Monday 18 February 2013

New help with tackling those tricky tiebreakers

When I first started comping, so long ago that sabre-toothed tigers roamed the aisles of Kwik Save, tiebreaker competitions were everywhere. I used to aim to enter around 10 a week, and it was lack of time rather then lack of competitions that prevented me from entering more.

Because there were so many,  it was  relatively easy to find inspiration. Lists of winning tiebreakers were regularly published in Competitors Journal and small-press publications like Enter-Prize, and some enthusiastic compers collected them together and produced annual books of winning lines, or occasional themed collections on topics like holidays or celebrities. And some produced booklets of useful phrases, arranged by theme, to help us to build our own tiebreakers.

Even just a few years  ago, the Winning Lines section of Grape Vine was two or three pages long every month.

Seeing other winning lines gave us lots of ideas for rhymes, word play and different ways of looking at products and prizes, as well as showing us the kind of things that judges looked out for.

Then the number of tiebreaker competitions slumped to almost zero, especially when the law preventing promoters from requiring a purchase for a straightforward draw was dropped. A draw, after all, is much easier to run. But now tiebreakers are creeping back in, as promoters are realising that the act of writing about a product engages the consumer and makes them think hard about their product - making them more likely to remember it when they next need to make a purchase.

Tiebreaker competitions seldom appear on leaflets in your supermarket any more - you are more likely to find them on Facebook pages, on Twitter and on blogs. And if you can produce a decent entry, you have a very good chance of winning as they generally get only a fraction of the number of entries that a simple draw would. Many of them run for a very short time too, so you need to  be able to come  up with that magic phrase very quickly.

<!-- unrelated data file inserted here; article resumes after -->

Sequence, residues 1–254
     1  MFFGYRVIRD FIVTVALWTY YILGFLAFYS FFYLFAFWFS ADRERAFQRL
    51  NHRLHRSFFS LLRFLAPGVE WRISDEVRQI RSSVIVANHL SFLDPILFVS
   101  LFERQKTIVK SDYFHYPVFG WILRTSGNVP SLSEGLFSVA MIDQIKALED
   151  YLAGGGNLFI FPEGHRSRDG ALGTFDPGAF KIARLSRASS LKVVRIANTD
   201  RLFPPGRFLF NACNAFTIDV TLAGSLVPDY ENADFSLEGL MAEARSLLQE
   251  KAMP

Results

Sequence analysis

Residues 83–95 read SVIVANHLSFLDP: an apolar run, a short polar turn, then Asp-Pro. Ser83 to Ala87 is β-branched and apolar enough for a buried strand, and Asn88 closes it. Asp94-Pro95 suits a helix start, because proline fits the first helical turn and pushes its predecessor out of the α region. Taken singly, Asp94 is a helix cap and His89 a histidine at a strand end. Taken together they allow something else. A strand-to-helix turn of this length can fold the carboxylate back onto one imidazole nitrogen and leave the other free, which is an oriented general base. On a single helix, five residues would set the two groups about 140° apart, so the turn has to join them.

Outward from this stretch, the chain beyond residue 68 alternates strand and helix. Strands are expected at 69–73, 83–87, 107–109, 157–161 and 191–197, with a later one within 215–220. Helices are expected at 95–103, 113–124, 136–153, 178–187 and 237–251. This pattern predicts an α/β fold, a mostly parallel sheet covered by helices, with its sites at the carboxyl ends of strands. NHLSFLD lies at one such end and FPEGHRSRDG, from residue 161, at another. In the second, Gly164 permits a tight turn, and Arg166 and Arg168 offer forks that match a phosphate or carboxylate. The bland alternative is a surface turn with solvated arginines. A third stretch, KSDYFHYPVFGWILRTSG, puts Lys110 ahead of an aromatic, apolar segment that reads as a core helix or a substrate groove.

But without collections of useful phrases and past tiebreakers, where can you get inspiration? I often go to my collection of old books, but find  all the phrases are hopelessly out of date. The celebrities mentioned in them are retired or even long-buried,  being technically savvy meant choosing a VHS video recorder rather than a Betamax one and twitter was something only birds and Mah-Jongg tiles did.

Worse still, the old books aren't searchable in the way that we are used to now. Although they are usually indexed, it can still be extremely difficult to find the inspiration you are looking for.

But now help is at hand. Radio presenter Peter Stewart has published Find-a-Line, a bang up to date collection of useful phrases, alliterations, wordplays and rhymes, indexed according to ideas. Aimed not just at compers but at journalists, copywriters, comedians and everyone who wants to keep their writing witty, topical and fresh, the book of around 15,000 phrases is available as a pdf download  in Adobe Digital Editions format for just £5.99 plus VAT, which comes to £7.19.

I've been playing around with it for the last week and I'm very impressed. Not only are the phrases in it much more topical than anything in my old books, but being a pdf it is searchable, so you can go straight to the topic you are interested in. Some of the phrases are VERY witty and I can't wait to give them an airing  in my own entries.

Peter sent me a free copy of the download to review, but not only are all the opinions here my own - now I've seen it, if I didn't already have a copy I would definitely be buying one. It has brought my collection of  comping tools bang into the 21st century at last!

1 comment :

  1. Extremely useful publication Jane, thanks for the link. I just had to download Adobe Digital Editions afterwards in order to store and read the ascm format file.


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